Ten years ago, I decided to quit my full time job and become a full time dog walker and pet sitter. I’m not that old, but back in my day there was no Wag or Rover. There was no way for me to dip my feet in the water while working accountant’s hours. Without getting into the weeds about overall level of competence at these companies, one thing is certain, if you want to pet sit, there is nothing stopping you.
I talk to on-demand pet sitters all the time. Just this week I chased down a woman wearing a Wag shirt while screaming “Are you a pet sitter?” In retrospect, I’m surprised she didn’t shoot me with pepper spray. Thankfully, no chemical warfare was unleashed, but we did have a very interesting conversation.
She had been working for various on-demand companies for a year or so, but she wanted to branch out on her own. What started out as me interviewing her about the competition, turned into her interviewing me about tips for starting her own pet service business. I’ve also noticed this trend in some of the pet sitter forums I belong to. A lot of the business owners started out working for Rover, and more recently Wag, but felt a drive to build something of their own.
Do you want to go out on your own? Here’s a few tips to help transition from on-demand pet sitting to on-your-own pet sitting.
Call a Professional
Before you start taking on clients of your own, call a professional. Actually, call three. First, you’ll want to consult a CPA. Preferably one who deals with business taxes. Together you can determine the best course of action for registering your business. This can have important implications down the road so you should understand the benefits and drawbacks of each option. Once your ready to register, you can do it yourself with a little online research, or there are companies that specialize in helping people with this.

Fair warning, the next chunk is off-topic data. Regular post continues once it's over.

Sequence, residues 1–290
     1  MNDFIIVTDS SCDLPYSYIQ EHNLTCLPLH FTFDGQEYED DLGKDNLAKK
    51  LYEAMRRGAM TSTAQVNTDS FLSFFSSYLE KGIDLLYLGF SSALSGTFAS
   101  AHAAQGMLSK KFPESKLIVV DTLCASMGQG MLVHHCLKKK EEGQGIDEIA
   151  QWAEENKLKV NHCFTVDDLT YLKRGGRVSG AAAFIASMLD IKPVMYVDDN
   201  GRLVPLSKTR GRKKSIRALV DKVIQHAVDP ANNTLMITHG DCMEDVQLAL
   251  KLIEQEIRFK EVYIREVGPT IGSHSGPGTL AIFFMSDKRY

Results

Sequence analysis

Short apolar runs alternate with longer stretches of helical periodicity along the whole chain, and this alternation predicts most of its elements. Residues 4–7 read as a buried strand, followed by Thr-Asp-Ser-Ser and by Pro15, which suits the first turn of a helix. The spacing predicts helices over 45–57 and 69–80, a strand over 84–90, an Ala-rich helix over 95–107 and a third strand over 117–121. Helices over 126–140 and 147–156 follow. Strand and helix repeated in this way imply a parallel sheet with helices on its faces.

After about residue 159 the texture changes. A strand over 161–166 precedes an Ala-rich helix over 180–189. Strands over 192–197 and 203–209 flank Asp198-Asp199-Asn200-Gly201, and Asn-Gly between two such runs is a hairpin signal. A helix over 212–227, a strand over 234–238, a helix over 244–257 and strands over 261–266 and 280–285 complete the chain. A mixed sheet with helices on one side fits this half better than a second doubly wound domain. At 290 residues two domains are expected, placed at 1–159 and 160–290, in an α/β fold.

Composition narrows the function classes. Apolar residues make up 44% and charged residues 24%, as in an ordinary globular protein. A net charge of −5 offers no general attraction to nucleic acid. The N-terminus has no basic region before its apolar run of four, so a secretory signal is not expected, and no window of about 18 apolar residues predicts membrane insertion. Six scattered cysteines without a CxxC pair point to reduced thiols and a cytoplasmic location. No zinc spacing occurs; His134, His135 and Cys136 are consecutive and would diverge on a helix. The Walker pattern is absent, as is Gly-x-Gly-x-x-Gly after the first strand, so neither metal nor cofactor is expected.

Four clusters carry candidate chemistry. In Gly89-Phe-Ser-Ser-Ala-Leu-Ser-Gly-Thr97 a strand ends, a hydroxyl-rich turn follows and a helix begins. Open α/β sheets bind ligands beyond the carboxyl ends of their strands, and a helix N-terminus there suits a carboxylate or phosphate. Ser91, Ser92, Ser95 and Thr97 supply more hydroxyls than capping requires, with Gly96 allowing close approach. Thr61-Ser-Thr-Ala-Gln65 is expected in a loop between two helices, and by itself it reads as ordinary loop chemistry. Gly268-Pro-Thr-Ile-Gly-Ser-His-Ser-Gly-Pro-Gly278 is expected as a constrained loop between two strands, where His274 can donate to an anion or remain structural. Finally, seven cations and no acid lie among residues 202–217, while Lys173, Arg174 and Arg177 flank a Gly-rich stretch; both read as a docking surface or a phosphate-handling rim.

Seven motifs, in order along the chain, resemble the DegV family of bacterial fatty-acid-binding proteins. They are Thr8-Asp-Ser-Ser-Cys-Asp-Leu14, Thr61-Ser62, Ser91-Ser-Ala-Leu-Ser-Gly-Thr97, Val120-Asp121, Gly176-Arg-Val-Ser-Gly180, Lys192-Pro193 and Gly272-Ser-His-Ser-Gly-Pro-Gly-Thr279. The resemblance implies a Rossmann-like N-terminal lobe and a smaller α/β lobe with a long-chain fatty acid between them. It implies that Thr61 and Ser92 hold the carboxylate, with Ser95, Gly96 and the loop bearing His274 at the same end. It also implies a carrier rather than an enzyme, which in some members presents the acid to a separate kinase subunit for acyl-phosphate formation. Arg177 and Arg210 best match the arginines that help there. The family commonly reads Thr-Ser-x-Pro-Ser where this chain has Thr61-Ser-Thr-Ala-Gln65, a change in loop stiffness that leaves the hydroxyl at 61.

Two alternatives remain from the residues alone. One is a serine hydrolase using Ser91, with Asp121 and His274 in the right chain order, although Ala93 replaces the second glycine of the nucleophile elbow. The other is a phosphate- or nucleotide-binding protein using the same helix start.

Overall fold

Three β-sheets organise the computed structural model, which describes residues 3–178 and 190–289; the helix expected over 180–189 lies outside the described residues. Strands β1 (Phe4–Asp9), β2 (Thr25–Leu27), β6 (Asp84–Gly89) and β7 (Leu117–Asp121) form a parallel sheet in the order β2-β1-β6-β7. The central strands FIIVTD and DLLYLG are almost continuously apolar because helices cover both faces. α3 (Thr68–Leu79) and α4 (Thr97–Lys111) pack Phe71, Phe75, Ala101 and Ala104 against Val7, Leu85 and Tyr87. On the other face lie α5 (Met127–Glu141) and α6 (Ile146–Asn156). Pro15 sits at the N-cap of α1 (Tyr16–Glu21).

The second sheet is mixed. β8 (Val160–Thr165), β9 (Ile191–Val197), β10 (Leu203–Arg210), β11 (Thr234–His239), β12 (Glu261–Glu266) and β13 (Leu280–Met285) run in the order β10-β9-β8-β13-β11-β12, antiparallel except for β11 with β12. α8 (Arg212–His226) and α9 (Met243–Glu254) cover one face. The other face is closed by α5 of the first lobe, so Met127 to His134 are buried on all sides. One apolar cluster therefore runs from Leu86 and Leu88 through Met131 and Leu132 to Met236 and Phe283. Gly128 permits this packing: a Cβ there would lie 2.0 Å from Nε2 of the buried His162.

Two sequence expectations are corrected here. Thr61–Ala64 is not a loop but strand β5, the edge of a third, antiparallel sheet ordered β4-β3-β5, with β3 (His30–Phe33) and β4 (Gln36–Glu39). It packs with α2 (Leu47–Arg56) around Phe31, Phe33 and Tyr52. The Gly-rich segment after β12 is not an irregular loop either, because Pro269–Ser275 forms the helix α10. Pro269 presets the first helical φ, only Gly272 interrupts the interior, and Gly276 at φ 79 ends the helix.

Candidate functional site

Once your business is registered call a lawyer. You’ll need a contract, and not one you printed off the internet. Find a lawyer that specializes in contract law. A good lawyer is expensive. Make sure you go in prepared. I wrote down everything I could think of about how I wanted my business to work. What I would and would not do, how much I was going to charge and how I planned to handle various liability issues. For example, we have a late cancellation and inclement weather policy. Both of those policies are defined in the contract along with a bunch of legal stuff I would never know to include and doesn’t seem like english. Having all this information written down and ready to go will save you a lot of money.
Last, you’ll need an insurance agent. Having insurance is a must! Don’t mess around. Even if you skip the previous two recommendations, listen to this one. Animals are unpredictable, especially when they aren’t your own. A pet sitter might only know what they were told by the client and could glean from a meet and greet. It only takes one unfortunate incident to ruin your business and possibly your personal life. Pet sitting already has very low overhead, there’s no excuse to forgo insurance.